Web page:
The most significant marketing challenge of our time is the scarcity of attention from potential customers. Bombarded relentlessly from all directions with too much information, a deluge of products and services, and too many unsubstantiated claims, potential customers have tuned out, dropped out, and become all but unreachable. Now resistant to communication, they can’t even process 5 percent of what is thrown at them daily, maybe even less.
Unfortunately, this barrier is crippling the efforts of medical device manufacturers to grow and expand.
“Scarcity of attention is the defining business challenge of our time,” says Jamie Mustard, a messaging, design, and communications expert for industrial firms. “Today, it is the attention of others that is the most valuable commodity in the digital age. In this environment, a company’s very survival depends on cutting through the sea of white noise.”
If there is one telling example of the symptoms of this scarcity of attention, it is the anxiety and frustration over not being seen or heard that can permeate throughout an organization from ownership, through the C-level execs, sales team, and even down to the average worker.
“Most manufacturers that design a great product continue to believe in the idea that ‘if you build it, they will come,’ says Mustard. “But like the movie it comes from, that is a ‘field of dreams’ from a marketing perspective. So, owners and top execs are often just left wondering why the product isn’t garnering the attention it deserves and the product is not selling.”
Fortunately, all is not lost in the fight to break through the noise and be heard.
The solution for standing out and being remembered is radically simple, even if it seems a bit counterintuitive. To thrive in business today it is imperative to grab the attention of the prospect in an instant with a message that addresses a direct and immediate need like a sledgehammer, explains Mustard in his book, The Iconist, the Art and Science of Standing Out.
The message must also be utterly and brutally simple, yet big and bold enough to hit the prospect between the eyes and lodge in their mind instantly.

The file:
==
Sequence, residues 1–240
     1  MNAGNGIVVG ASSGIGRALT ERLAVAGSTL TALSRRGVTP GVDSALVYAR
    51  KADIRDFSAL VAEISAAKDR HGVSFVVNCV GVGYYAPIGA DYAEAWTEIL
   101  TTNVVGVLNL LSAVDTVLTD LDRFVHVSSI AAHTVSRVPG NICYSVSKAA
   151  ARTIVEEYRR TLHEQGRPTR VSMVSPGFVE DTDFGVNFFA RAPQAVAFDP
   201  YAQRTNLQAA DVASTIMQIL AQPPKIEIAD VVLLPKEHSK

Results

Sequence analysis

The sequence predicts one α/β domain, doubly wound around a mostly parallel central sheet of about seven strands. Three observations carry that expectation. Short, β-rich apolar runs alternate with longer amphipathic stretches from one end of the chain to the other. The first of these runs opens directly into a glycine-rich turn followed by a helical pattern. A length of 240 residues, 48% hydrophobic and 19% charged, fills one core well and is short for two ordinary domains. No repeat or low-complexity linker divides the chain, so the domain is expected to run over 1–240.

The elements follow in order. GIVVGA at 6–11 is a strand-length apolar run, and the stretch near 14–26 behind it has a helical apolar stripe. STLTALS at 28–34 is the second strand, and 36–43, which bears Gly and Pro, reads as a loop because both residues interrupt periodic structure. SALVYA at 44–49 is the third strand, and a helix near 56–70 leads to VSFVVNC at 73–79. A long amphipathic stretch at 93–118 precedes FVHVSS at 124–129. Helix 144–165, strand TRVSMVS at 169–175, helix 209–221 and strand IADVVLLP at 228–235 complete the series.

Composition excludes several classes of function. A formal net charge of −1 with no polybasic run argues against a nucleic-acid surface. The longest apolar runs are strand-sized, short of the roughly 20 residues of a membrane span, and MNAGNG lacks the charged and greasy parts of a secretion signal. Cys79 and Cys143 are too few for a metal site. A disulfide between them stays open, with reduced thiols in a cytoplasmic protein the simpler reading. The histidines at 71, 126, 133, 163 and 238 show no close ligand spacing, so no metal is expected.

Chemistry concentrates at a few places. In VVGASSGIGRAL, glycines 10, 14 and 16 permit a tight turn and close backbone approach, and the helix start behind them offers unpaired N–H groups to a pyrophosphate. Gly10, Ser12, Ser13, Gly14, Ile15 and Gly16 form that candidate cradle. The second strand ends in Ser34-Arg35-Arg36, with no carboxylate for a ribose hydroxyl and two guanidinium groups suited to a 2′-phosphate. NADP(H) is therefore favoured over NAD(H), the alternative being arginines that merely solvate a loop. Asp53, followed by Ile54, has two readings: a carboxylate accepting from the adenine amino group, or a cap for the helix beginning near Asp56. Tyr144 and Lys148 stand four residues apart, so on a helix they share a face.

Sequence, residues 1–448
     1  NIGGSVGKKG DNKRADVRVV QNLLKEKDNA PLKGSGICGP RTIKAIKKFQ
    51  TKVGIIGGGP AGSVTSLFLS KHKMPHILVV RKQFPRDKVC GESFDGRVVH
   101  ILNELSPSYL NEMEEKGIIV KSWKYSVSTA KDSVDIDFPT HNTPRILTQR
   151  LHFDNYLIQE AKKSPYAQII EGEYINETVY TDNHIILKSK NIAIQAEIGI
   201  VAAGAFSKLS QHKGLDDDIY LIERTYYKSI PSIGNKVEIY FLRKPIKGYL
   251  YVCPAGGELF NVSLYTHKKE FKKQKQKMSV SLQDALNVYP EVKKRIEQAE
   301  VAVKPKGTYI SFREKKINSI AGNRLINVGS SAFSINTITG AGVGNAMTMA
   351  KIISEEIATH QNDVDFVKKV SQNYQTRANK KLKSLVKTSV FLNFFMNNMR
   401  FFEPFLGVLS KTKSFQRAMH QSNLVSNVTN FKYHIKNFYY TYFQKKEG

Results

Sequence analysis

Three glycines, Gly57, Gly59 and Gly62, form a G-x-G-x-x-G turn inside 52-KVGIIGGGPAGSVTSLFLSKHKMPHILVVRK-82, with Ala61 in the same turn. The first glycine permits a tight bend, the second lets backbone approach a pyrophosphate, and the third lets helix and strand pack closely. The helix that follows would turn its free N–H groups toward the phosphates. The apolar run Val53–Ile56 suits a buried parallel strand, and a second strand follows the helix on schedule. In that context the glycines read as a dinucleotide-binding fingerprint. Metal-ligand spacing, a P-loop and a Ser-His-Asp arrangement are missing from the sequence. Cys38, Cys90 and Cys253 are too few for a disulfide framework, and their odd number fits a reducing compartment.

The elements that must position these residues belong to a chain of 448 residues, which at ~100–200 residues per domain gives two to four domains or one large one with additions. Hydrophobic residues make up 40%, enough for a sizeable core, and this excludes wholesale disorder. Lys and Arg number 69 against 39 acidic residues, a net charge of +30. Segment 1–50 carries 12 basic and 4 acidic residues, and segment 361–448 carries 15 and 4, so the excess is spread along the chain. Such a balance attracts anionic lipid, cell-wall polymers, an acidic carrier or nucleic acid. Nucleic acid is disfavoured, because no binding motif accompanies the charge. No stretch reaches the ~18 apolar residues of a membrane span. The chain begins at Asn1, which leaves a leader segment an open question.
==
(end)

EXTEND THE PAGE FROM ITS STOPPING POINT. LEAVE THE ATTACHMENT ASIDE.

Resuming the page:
“You have an instant to grab a prospect’s attention or you will likely lose them forever,” explains Mustard. “The message must affect them before they even have a chance to process it. If not, they are already moving on to the next website and another company.”
Unfortunately, medical device manufacturers often lose the battle because the message is overly complicated, unfocused, and delivered with little or no repetition.
“Medical device inventors are inclined to promote all 25 features of the product,” says Mustard. “It often goes against the grain to strip down the message to the one bold statement that should be the lead of every interaction with potential customers.”
To stand out, capture attention, and imprint it in the mind, the message must also include oversized, bold images, or phrases that can be instantly understood. Finally, the message must address an emotional concern or even an immediate pain point.
“I compare it to a road sign,” explains Mustard. “You have to have a road sign that explains the benefit to the customer, and if that road sign corresponds to the need of the customer, they will get off at your exit.”
The next step is to repeat the message relentlessly like a drum, a never-ending mantra, at every contact point with the customer. Only then, will the message cut through the scarcity of attention and become an identifiable, even defining message for the company.
The challenge, however, is defining success as it relates to repetition. Often medical device manufacturers get a message out a few times and then wonder why, with the ‘repetition,’ the phones are not ringing off the hook. That is because true repetition is a matter of volume. It is not 5 messages delivered, but rather 80, or better yet, 800. It’s relentless and repetitive over time.
As for media channels, tried-and-true medical design and manufacturing publications remain some of the best tools for reaching targeted industrial audiences. When objective third parties are quoted, this type of feature article coverage can be one of the most powerful, credible forms of marketing today. It is only this type of “real” content that causes a buying decision.
As trade magazines continue to greatly expand their online content, that influence is only increasing. For the generation that searches for much of its information online, these articles can get more “eyes” on them than ever before, often appearing at the top of organic search engine rankings.
Trade magazines are also considered an authority, and it is very powerful when they publish an article that in some way mentions a product or service or tells the story of an application that solved a serious problem.
Today, medical device manufacturers are experiencing even more success by integrating articles and testimonials into social media, e-mail and web site campaigns. Combined, these efforts further increase the repetition of the message.
“Without a chorus effect, no one trusts the message, and no one will believe it,” explains Mustard. “Unless the authorities in the industry are saying the exact same thing at the exact same time, it will not cut through in a world overloaded with too much messaging.”
“The only way that medical device manufacturers and innovators can survive given the scarcity of attention from potential customers is to craft a simple, bold message and repeat it at every point of customer interaction,” he adds. “If you are not doing that, you are going backwards and depriving yourself — and others — of success.”
The Iconist, the Art and Science of Standing Out is available at Amazon.com and other outlets.